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Old 06-11-2014, 09:50   #16
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Re: Yamaha 2.5 VS Suzuki 2.5 VS Tohatsu 3.5.

MarkSF, I have the Tohatsu 3.5. Lovely engine. I always, always, always run the carb dry at the end of the day (not every time I stop the engine). I always add stabilizer and try to keep the gasoline no more then a month stored in Gerry cans with Sunbrella covers on deck. In CA I can't buy non-ethanol gasoline. Still, I've had carb problems after 6 months of almost daily use.


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Old 06-11-2014, 10:22   #17
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Re: Yamaha 2.5 VS Suzuki 2.5 VS Tohatsu 3.5.

I have a Tohatsu 3.5. Over a few years of seasonal use it has done very well. Reliable, efficient. Not as quiet as I'd like, but certainly better than the air cooled ones. In my 10' portabote I can easily plane with one large person and stuff. I've even had it planing the bote with two people in ideal conditions.


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Old 06-11-2014, 10:33   #18
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Re: Yamaha 2.5 VS Suzuki 2.5 VS Tohatsu 3.5.

I have a 2-stroke Tohatsu 3.5 and I love it. Since you're a decent-sized bloke i don't think the extra weight would bother you. I weigh 147 pounds and find it very easy to heft around (picked it up from the shop on a pedal bike). It will plane my 8-foot walker bay dinghy with me in it.

In the first week i got it i managed to submerge it completely........while it was running at full throttle........... persuaded a little girl in Petit Martinique to let me use the tap in her parents garden (the population of the island was out to sea at the time for a funeral) and lend me a penknife and a pair of pliers. Using those tools i managed to take it apart and flush it out with brackish water. Then i set it on fire accidentally, put out the flames, put it back together and it has run beautifully ever since. That was 5 years ago :-) Highly recommended.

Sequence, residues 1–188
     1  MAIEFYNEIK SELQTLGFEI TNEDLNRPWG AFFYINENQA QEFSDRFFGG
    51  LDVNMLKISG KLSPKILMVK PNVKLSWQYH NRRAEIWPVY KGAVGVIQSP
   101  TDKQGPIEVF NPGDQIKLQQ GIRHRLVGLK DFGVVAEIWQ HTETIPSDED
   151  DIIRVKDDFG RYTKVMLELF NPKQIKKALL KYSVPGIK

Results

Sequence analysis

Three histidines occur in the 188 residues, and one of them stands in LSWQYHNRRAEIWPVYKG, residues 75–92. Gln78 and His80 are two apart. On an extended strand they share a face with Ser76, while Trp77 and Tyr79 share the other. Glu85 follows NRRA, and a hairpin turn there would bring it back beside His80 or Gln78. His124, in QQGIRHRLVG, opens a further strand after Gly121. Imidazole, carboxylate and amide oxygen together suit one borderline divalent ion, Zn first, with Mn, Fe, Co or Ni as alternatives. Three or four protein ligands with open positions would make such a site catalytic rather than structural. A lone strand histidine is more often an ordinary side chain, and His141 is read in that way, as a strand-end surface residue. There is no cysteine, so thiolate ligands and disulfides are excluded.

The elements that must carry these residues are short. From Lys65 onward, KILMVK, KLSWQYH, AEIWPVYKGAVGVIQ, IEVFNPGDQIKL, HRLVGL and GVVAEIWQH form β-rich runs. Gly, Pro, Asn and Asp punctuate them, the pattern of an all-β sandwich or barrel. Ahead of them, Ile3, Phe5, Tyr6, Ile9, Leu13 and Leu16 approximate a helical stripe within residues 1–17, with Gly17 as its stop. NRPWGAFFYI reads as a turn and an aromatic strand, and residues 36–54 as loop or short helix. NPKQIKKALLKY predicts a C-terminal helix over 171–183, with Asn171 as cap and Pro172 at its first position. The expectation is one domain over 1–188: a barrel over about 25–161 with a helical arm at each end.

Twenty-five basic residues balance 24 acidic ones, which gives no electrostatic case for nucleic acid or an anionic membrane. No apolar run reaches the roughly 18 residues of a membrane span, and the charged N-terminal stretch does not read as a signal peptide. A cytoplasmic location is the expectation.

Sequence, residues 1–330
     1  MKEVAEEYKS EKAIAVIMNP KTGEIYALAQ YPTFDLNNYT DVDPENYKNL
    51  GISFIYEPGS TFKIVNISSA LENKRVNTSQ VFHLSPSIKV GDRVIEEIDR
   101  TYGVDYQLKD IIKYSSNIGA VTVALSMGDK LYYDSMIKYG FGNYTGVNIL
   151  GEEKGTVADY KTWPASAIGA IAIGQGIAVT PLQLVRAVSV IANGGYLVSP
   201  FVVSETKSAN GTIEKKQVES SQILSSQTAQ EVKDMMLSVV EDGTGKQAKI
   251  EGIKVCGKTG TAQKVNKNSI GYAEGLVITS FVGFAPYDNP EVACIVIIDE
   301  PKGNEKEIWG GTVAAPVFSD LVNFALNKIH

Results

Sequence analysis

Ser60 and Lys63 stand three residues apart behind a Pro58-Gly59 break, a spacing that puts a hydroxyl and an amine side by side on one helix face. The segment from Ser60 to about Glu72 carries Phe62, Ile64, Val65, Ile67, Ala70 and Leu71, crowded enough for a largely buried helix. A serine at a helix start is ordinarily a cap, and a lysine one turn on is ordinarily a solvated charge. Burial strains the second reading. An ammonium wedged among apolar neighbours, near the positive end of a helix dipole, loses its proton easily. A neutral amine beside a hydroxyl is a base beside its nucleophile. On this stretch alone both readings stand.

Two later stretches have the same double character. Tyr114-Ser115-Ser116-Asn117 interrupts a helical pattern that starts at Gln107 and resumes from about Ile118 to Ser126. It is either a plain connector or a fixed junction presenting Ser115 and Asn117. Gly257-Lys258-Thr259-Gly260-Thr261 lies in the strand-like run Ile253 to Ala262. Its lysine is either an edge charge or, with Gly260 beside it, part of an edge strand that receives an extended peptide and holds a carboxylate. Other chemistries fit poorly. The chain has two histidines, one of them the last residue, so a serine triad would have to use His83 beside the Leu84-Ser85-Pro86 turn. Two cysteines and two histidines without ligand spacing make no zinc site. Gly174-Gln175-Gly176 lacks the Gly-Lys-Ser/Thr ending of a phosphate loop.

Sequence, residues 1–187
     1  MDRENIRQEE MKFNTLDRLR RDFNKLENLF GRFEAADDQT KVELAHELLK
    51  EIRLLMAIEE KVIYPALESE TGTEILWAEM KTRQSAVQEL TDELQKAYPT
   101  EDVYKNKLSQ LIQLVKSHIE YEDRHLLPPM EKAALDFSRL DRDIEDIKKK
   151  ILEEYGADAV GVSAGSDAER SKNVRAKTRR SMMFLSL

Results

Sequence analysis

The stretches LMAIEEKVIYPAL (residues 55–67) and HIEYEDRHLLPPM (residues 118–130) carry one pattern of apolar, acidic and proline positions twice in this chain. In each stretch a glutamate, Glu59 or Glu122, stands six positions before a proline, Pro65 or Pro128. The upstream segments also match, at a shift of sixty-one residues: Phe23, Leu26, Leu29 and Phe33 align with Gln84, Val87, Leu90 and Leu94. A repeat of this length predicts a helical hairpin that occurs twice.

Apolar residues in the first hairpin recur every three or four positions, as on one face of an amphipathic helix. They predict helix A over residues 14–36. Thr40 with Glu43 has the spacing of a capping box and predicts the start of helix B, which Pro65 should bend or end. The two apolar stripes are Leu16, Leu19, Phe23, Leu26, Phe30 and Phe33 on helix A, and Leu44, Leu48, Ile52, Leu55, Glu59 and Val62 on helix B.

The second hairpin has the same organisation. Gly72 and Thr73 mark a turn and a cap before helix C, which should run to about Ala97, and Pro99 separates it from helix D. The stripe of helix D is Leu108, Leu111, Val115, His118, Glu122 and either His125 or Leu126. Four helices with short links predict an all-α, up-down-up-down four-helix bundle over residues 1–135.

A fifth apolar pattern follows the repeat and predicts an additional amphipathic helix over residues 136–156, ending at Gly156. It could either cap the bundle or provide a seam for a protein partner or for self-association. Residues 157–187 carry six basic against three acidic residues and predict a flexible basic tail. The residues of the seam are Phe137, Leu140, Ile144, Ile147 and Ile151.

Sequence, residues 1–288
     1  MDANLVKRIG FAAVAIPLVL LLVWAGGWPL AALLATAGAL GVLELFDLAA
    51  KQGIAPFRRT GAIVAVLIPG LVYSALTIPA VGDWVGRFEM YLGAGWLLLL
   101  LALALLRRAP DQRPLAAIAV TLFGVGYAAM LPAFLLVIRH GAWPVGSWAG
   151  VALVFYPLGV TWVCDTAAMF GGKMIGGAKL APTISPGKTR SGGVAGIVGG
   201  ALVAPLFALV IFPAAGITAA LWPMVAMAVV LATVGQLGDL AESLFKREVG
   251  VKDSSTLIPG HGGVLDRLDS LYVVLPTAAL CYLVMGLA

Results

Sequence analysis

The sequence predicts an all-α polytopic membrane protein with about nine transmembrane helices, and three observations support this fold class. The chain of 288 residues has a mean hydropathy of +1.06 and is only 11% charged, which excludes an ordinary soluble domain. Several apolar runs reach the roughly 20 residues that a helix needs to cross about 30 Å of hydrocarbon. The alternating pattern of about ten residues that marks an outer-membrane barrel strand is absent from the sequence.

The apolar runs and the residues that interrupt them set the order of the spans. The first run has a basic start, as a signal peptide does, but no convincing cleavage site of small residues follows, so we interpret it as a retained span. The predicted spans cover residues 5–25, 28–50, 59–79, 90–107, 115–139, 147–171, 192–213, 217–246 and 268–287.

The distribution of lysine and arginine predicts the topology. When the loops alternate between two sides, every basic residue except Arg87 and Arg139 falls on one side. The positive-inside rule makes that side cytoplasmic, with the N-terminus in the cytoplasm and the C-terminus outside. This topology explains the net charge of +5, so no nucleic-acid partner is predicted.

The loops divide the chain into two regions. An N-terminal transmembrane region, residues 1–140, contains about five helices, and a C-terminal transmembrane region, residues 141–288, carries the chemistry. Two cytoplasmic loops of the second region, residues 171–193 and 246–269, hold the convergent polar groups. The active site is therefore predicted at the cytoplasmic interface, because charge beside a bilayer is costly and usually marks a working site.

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Old 06-11-2014, 10:38   #19
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Re: Yamaha 2.5 VS Suzuki 2.5 VS Tohatsu 3.5.

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In the first week i got it i managed to submerge it completely........while it was running at full throttle........... persuaded a little girl in Petit Martinique to let me use the tap in her parents garden (the population of the island was out to sea at the time for a funeral) and lend me a penknife and a pair of pliers. Using those tools i managed to take it apart and flush it out with brackish water. Then i set it on fire accidentally, put out the flames, put it back together and it has run beautifully ever since. That was 5 years ago :-) Highly recommended.
That's one heck of a break-in procedure.
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Old 06-11-2014, 10:51   #20
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Re: Yamaha 2.5 VS Suzuki 2.5 VS Tohatsu 3.5.